The Authority took on the responsibility of 2 landfills (Lewis Road and Crazy Horse) that were nearing capacity, 1 landfill (Jolon Road) that was at 50% capacity and not being used, and one landfill with future capacity (Johnson Canyon). Because these sites were very old, they had many environmental issues that had to be addressed. Therefore, within months of being formed, the Authority issued $9 million in revenue bonds to finance some extensive repairs. In 2002 the Authority issued another $39.8 million in revenue bonds to bring the landfills into full compliance with all regulations. The borrowed funds were also used to construct more landfill disposal capacity at Johnson Canyon and Crazy Horse landfills in accordance with the Authority’s original formation objectives.

What does it mean to have a Future without Landfills?

While the Authority is responsible for managing and overseeing three closed and one open and active landfill in the Salinas Valley, our mission and vision would result in a sustainable long term solution for our region’s waste management needs.

The Authority’s Vision is: to reduce the amount of waste by promoting individual and corporate responsibility, to recover waste for its highest and best use while balancing rates and services, to transform our business from burying waste to utilizing waste as a resource, AND to eliminate the need for landfills.

What does it mean for the Authority?

A future without landfills can mean something different and unique to each of us.

For the Authority it involves exploring alternative processing methods, including new technologies. Also, changing the way we, as a society, perceive waste; not as something you put at your curb each week that “disappears” and is buried in the ground and stored there forever, but rather as a resource. It means:

  • Having a need and a use for every part of every item we consume on a daily basis (or really close to it)
  • Being accountable for the choices we make as consumers when we purchase products
  • Assuring glass, plastics, paper, cardboard, and metal are recycled and then used to create new products
  • Assuring useful items are reused until exhausted
  • Recovering food scraps and yard trimmings to be turned into natural products used to grow more food, nourish gardens, or create new landscaping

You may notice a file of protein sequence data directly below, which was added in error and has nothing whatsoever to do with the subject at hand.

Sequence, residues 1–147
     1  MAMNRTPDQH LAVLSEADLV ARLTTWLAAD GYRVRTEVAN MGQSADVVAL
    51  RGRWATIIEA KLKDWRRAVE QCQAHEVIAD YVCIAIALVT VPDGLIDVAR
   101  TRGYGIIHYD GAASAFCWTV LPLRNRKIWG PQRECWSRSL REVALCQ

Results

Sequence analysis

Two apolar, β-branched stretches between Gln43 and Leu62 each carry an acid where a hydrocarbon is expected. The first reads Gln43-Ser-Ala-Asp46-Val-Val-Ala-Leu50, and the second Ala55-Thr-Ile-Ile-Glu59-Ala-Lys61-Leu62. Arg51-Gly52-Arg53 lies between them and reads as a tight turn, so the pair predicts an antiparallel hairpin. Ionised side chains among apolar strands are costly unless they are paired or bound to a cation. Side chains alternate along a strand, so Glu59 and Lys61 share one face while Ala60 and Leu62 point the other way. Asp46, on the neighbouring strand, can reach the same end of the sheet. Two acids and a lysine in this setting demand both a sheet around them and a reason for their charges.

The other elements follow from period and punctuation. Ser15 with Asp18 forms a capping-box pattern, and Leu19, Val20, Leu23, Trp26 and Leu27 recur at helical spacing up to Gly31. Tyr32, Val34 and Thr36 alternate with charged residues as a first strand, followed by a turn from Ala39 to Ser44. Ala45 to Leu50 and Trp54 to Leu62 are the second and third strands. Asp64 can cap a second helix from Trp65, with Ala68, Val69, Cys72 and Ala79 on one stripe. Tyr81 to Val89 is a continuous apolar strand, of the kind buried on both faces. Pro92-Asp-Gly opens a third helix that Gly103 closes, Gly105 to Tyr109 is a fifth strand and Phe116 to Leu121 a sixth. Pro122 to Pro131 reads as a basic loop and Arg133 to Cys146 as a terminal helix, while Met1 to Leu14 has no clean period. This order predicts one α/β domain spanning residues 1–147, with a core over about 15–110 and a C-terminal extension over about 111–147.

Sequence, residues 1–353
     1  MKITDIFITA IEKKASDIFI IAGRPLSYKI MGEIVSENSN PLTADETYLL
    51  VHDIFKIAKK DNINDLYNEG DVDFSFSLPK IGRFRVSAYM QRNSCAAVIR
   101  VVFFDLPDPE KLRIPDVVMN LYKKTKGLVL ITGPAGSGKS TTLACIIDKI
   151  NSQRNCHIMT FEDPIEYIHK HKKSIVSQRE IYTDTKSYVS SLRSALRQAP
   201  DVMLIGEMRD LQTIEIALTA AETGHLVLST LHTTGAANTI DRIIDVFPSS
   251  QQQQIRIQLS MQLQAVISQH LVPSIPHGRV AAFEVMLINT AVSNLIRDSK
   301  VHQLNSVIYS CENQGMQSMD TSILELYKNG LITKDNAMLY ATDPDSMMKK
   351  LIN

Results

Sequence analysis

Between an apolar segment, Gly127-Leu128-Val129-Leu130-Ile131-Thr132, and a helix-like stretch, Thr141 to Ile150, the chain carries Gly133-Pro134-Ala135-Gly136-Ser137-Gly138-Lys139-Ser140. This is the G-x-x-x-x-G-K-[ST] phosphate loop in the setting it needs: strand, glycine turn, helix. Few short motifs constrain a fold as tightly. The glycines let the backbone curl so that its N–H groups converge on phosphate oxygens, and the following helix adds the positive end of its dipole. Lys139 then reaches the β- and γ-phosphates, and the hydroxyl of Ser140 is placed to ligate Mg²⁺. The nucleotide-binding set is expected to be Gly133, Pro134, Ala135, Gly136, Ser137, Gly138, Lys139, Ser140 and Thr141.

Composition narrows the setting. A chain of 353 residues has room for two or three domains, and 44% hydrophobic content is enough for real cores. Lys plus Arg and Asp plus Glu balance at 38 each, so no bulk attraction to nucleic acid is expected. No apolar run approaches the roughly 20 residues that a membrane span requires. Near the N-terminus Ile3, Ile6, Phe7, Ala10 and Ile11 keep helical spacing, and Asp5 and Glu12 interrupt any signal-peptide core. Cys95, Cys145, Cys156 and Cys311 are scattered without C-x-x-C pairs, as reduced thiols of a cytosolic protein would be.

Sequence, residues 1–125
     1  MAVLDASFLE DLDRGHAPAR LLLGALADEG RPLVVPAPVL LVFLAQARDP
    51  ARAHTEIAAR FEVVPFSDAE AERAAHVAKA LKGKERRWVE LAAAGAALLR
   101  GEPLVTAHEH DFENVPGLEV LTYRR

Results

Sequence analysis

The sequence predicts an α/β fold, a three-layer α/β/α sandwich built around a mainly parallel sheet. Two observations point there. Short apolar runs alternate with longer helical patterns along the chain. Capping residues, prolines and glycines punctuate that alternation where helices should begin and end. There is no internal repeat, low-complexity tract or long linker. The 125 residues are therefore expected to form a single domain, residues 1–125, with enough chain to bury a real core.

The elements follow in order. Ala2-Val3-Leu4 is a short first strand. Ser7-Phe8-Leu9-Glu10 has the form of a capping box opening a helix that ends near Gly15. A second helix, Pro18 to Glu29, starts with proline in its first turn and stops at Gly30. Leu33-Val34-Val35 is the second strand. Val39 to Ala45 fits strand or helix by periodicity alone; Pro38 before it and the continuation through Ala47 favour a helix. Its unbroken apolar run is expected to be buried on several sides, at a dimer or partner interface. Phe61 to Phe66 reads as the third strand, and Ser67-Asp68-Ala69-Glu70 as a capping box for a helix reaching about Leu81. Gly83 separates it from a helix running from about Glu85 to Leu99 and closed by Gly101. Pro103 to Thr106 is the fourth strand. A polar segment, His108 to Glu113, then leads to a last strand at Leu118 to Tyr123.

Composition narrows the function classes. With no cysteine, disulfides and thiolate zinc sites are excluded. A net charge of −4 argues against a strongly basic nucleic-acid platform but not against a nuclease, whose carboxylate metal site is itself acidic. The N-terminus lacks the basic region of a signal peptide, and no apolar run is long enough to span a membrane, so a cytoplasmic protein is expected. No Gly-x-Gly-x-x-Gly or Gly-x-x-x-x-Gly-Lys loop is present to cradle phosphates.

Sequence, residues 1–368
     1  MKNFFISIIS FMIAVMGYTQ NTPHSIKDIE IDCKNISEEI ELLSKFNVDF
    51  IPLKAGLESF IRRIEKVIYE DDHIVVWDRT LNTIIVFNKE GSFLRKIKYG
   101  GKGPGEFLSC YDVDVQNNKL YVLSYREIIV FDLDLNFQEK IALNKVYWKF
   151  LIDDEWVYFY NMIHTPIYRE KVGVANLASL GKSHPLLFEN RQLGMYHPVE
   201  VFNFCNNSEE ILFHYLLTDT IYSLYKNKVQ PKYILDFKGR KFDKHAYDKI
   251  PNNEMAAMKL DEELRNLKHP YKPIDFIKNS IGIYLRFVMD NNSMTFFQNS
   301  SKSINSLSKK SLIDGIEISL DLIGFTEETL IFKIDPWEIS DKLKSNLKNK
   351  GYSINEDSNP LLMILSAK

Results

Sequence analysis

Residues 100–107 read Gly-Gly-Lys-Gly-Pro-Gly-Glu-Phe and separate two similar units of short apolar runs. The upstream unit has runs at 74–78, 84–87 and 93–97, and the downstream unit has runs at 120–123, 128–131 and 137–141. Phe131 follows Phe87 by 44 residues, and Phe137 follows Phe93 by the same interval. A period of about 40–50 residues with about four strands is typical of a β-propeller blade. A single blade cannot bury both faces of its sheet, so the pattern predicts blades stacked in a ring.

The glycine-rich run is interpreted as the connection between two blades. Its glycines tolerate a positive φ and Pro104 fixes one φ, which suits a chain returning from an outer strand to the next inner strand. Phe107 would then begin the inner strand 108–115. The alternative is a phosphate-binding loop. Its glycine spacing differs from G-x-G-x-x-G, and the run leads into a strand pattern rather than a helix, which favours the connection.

• Assuring any remaining trash is minimal, and that it can be used as a clean
    fuel or energy source, instead of storing it forever in a landfill

What does it mean for the Community?

More jobs. For each job created by putting trash in the landfill, recycling creates eight jobs in local services, processing and production. More jobs contribute to a healthier local economy.

More natural space. Landfills are often located on public land. A future without landfills means public lands can remain a part of our natural environment. Natural wildlife habitat remains intact and old landfills could be repurposed into new uses, like the clean, renewable solar energy project proposed at Crazy Horse Canyon Landfill.

Better health. A physical connection to nature inspires perspective in our lives and reduces stress. Reduced stress is a key to better health. Recycling prevents pollution that is created in the process of manufacturing products from new materials, for cleaner air and water.

Greater independence. Recycling saves natural resources like, water, energy, and fuel. The less we rely on foreign sources for energy and fuel, the more self- sustaining we are as a nation.

Why is the Agency doing business under a new name?

As we continued to promote our services we found that many of our daily customers had difficulty remembering such a long name as Salinas Valley Solid Waste Authority, it became even more difficult to remember our acronym “SVSWA”. As a result, many started using the nickname “Authority”, but this sometimes further confused people as the nickname “Authority” did not specify what services we provide. Our new DBA(doing business as) “Salinas Valley Recycles” conveys two simple messages; we serve the Salinas Valley and we offer recycling services to the community.

What about the logo?

Our previous logo did not capture the Agency’s identity created through our vision, mission, and values.  The three chasing arrows evoke reduce-reuse-recycle. The letters in blue signify the international color of recycling.  The color green means conservation of natural resources and the creation of green jobs because of the current and future projects of the Agency.

How can both the new logo and the new name help the Agency?

The combination of a new logo and name will better assist with branding the Agency as a
recycling resource in the community. Our new logo and name reflects our continued direction of promoting a future without landfills.

What will happen to the old name?

The Agency will continue to maintain its legal name: Salinas Valley Solid Waste Authority but will do business as Salinas Valley Recycles. The Agency will implement a branding plan to transition over to our new logo and name.

What is the address and hours of operation for the Salinas transfer station?

139 Sun Street
Salinas CA, 93901
Monday – Friday 7am-5pm
Saturday 8am – 4pm

What items do we recycle and rates?

Employment opportunities

Questions about garbage pick up:

Salinas call Republic Services at 775-3840
Monterey call Waste Management at 384-5000
South County Cities cal Tri-Cities at 1-888-678-6798
Prunedale and Watsonville call Waste Management at 384-5000
Medical Waste handling at 1-800-464-4285 located in Monterey

Does SVSWA provide trash pick up?

No, we have self serve drop off facilities in Salinas, Gonzales and King City

What payment forms does SVSWA accept?

Cash, Visa, Checks (must provide picture ID)

Do you payout for recyclables?

No, but we accept most recycable items at no charge.